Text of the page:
The number of employees offered voluntary early retirement by listed companies in Japan has exceeded 10,000 so far this year, three months faster than in 2020, a private survey has shown.

Fifty companies have made such offers, and about 70% of them have reported net losses, according to Tokyo Shoko Research Ltd.

A growing number of companies are moving to trim their workforces as the coronavirus pandemic drags on. The situation will get worse if the pandemic continues to strip businesses of their strength, even though consumption is likely to recover as the vaccination rollout progresses.

Of the 50 companies, eight were apparel and textile goods companies, the largest share by sector. Electronics makers came second at seven, as they shed production bases and consolidated operations.

Many other companies were tourism, transportation and restaurant companies, all hit hard by coronavirus restrictions, such as voluntary restraints on going out, shop closures and shorter operating hours.

According to Tokyo Shoko Research, there had been no voluntary early retirement offers in the tourism industry in the past 10 years, as the sector was booming with large numbers of visitors from abroad.

The transportation sector, including airlines and railway operators, has seen its first early voluntary retirement offers in eight years.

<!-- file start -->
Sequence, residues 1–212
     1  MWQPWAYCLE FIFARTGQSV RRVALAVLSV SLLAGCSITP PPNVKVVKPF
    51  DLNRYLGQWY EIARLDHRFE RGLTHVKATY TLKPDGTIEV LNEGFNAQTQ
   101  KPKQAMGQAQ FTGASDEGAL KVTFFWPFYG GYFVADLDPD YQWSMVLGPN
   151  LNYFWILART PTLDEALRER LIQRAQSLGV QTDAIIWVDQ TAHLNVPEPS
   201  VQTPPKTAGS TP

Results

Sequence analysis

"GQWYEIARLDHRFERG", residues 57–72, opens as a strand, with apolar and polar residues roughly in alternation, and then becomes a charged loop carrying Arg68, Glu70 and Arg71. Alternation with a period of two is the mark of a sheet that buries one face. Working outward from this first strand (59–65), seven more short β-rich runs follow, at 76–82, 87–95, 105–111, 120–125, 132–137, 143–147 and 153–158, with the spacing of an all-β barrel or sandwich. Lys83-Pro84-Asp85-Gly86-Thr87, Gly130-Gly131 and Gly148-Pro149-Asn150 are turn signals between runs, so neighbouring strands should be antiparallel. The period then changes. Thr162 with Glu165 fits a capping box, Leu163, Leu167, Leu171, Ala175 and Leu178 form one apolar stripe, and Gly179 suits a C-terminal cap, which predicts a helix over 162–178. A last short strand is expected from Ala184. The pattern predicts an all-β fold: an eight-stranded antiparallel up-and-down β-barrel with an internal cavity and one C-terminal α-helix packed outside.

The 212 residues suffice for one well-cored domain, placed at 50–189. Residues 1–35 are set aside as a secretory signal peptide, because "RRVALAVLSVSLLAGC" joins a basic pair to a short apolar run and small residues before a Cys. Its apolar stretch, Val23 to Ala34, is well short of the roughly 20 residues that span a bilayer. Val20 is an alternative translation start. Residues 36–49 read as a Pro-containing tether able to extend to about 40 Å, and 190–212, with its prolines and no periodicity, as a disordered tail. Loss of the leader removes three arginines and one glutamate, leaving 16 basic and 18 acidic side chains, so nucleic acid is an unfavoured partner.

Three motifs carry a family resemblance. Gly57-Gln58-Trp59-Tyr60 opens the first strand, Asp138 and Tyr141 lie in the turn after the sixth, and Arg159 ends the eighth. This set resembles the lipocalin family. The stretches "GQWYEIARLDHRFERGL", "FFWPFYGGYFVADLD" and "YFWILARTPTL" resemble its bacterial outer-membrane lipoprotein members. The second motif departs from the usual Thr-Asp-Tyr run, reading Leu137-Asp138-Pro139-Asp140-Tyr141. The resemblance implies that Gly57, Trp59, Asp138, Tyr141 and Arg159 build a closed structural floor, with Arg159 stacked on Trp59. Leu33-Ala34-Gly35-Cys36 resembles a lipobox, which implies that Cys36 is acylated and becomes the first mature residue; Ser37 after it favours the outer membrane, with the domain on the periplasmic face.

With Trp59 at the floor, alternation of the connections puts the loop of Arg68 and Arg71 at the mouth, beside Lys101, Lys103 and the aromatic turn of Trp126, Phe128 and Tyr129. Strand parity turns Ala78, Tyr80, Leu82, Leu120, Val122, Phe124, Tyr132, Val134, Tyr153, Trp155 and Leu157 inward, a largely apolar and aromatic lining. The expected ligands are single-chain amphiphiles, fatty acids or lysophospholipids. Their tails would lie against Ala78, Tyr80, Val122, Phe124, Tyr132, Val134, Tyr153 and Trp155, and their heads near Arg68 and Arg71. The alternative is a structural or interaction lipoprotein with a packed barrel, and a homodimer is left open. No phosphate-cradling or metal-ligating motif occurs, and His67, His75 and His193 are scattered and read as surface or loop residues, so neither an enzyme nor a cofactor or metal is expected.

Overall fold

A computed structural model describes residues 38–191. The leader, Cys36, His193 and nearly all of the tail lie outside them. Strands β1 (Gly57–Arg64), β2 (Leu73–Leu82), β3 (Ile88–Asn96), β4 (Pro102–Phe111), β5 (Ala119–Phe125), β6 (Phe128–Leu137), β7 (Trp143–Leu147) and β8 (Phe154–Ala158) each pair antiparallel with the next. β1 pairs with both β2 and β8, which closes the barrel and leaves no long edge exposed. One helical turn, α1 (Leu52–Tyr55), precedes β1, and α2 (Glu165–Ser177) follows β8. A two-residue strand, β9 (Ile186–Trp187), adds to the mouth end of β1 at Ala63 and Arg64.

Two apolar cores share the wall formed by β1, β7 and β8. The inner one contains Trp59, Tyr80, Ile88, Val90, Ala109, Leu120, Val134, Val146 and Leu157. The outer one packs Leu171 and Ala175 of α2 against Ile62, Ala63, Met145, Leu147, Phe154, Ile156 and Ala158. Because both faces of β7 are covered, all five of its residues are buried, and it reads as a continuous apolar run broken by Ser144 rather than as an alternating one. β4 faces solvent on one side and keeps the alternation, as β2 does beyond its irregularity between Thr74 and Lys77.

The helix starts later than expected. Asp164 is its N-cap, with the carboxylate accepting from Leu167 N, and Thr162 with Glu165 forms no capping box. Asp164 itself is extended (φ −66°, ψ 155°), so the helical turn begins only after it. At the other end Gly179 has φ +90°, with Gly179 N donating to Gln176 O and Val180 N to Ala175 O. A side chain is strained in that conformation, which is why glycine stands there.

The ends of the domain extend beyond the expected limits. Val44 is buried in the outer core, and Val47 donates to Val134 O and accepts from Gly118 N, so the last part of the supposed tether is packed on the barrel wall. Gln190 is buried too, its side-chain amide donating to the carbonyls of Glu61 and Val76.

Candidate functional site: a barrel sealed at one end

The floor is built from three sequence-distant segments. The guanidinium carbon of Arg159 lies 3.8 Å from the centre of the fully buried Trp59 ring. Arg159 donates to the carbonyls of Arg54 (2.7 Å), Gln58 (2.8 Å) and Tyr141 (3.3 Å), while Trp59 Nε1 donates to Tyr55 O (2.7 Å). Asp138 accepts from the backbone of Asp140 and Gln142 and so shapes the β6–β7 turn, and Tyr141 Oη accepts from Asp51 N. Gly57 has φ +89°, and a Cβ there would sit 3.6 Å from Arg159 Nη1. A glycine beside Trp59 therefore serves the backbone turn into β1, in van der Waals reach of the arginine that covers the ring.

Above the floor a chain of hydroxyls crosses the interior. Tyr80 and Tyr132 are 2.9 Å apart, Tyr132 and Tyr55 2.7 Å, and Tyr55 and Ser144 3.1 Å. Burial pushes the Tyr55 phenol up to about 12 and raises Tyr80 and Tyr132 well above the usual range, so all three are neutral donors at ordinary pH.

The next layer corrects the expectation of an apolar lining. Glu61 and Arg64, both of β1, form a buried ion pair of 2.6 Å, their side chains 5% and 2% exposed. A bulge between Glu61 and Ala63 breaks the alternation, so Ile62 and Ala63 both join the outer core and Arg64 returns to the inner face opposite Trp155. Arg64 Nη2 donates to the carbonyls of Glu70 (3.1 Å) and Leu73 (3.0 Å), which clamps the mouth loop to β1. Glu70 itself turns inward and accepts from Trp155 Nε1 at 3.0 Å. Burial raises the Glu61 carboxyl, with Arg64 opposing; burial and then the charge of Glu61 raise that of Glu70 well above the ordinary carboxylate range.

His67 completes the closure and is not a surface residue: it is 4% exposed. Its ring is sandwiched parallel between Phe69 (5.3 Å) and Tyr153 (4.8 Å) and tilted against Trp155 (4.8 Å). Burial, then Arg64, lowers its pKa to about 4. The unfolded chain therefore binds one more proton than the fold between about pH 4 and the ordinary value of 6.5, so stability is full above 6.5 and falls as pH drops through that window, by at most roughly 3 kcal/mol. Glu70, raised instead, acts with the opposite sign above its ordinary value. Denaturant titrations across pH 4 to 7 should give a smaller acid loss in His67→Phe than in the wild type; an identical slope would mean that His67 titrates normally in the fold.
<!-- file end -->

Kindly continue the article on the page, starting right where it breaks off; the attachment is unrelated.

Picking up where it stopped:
The apparel industry, whose market was shrinking even before the pandemic due to the low birthrate and aging population, has suffered an additional blow from temporary closures of department stores.

World Co. solicited applications for voluntary retirement in March after making a similar move only in September last year. Sanyo Shokai Ltd. also repeated retirement offers.

Sanyo Shokai President Shinji Oe said he did not expect the current state of emergency, the third of its kind in the country, would lead to department store closures.

KNT-CT Holdings Co., the operator of the Kinki Nippon Tourist travel agencies, saw 1,439 employees, or about 20% of the group’s workers, apply for voluntary early retirement.

The group is pinning its hopes on expected recovery in domestic travel demand following the progress in coronavirus vaccinations.

“We are committed to the survival of the company as a responsibility of those who remain,” KNT-CT CEO Akimasa Yoneda told a news conference last month.

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